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AfterWord: Whitworth alumni in their own words

Wheelchairs from Jesus
by Ron Rice, '58

Villagers congregate to check out a new wheelchair.

Nigeria has the highest incidence of polio in the world. Tens of thousands of children and adults spend their lives crawling on the ground, and nobody is doing anything significant about it – not donor agencies, not government agencies, not NGOs. Most of the victims are hidden away. If you can't get further from your little house in the village than you can crawl, how often are you going to be out in public? Children can't go to school unless someone carries them. They become throwaway children, a burden and a disgrace to their families. In January 2009, the Gates Foundation pledged $255 million, Rotary International $100 million, the German and British governments each over $100 million, all for polio eradication, which is absolutely wonderful. But they pledged zero for polio's victims.

My wife, Sharon, and I have been doing volunteer mission work in Nigeria since 1998 – 16 trips so far. My initial project was developing teachers' manuals for Christian Religious Knowledge (CRK) teachers in Nigeria's public schools. These sets of six 500-page manuals are now in use in more than 2,500 junior high and high schools and have already improved Bible teaching for millions of Nigeria's teenagers.
Gufwan (left) and Rice

At a CRK teacher's workshop, in 1999, I met a young teacher, Ayuba Gufwan, who, as a result of his having had polio, walks on his hands. That providential meeting has led to an amazing partnership. Together, we have now built and donated more than 2,600 wheelchairs. This is far, far more than the number donated by any organization in Nigeria, a country that has half the population of the U.S. We have our own shop, in Jos, Nigeria, with 21 employees (five who are crippled by polio), where, for $150 each, we build three-wheeled, self-pedaled tricycles made of bicycle parts.

Watch the five-minute video at www.wheelchairsfornigeria.org to get an overview of our work. The photography skills that got their start at Whitworth in the 1950s, when I was the campus' student photographer, have enabled me to share this need. I've shown the powerful images of Nigerian polio victims to churches, schools and other audiences. Most Americans have never seen children and adults crawling on the ground because, as polio victims, they have no other way to get around. It breaks your heart. Wherever I show my videos, people are deeply moved, and many contribute to our cause. Where else can you transform a child's life and give him or her a future for $150?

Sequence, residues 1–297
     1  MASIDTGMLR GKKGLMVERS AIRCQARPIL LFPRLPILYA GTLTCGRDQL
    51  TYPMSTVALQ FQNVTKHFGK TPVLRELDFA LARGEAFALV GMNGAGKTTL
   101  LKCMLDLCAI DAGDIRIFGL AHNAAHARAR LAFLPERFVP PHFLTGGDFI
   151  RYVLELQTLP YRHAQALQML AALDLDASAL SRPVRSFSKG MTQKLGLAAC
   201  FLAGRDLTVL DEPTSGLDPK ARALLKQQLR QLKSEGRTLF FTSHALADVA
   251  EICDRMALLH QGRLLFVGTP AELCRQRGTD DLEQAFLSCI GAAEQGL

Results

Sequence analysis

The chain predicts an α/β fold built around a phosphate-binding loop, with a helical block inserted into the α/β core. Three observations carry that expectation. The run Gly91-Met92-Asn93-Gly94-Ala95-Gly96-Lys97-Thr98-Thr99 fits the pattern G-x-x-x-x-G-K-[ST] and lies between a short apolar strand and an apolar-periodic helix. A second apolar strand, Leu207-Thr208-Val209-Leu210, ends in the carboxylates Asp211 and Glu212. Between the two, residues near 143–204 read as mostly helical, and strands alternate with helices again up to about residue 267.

My friend Ayuba had polio when he was four. His father, a simple farmer in a remote village, sent him to a rehabilitation center. When Ayuba finished the third grade, his father told him it was a waste to spend any more money on school fees for a boy who walked on his hands. It wasn't until Ayuba was 19 that his uncle built him a wheelchair and made it possible for his nephew to attend fourth-grade classes. With great determination, Ayuba went right through school, including three years of teachers' college. On his first day on the job as a teacher, his principal sent him to the workshop where we met.

Ayuba has now graduated from the University of Jos, and he is the only university graduate in the history of his village. Imagine, a young man who walks on his hands is his village's Number One Son! More than 1,500 villagers attended Ayuba's wedding (the story appears on the website). His example is a powerful inspiration to the disabled, and it helps to dispel the stereotype held among many Africans that a disabled person can never amount to anything.

Polio eradication in Nigeria received a huge setback in 2003, when the Supreme Sharia Council, comprising Nigeria's top Muslim leaders, called for a moratorium on all polio vaccinations due to a rumor that the vaccine contained an anti-fertility component and was a conspiracy of the West to depopulate Islam. Polio infections shot up, and the Nigerian strain has spread to other Muslim countries in Africa and Asia.

Our ministry reaches out to people of all beliefs. In one remote area in 2007, some Muslim militants began insisting that wheelchair recipients remove the statement "Jesus cares for you," which is stenciled on the chairs. The dispute was carried to the village head, a Muslim. He said, "Jesus brought you these wheelchairs, and if you remove Jesus' name, he may come and take the wheelchairs back. Besides, Jesus' name is in the Qur'an and nobody has removed Jesus' name from the Qur'an. So tell the Christians that if Jesus wants to bring more wheelchairs, he is most welcome!" Ayuba and I returned for the third time to this remote town in October 2009 to give out 30 more wheelchairs, half to Christians and half to Muslims.

For more information about this ministry, e-mail RonRice@ronrice.us. Information re: tax deductions is available on the website.

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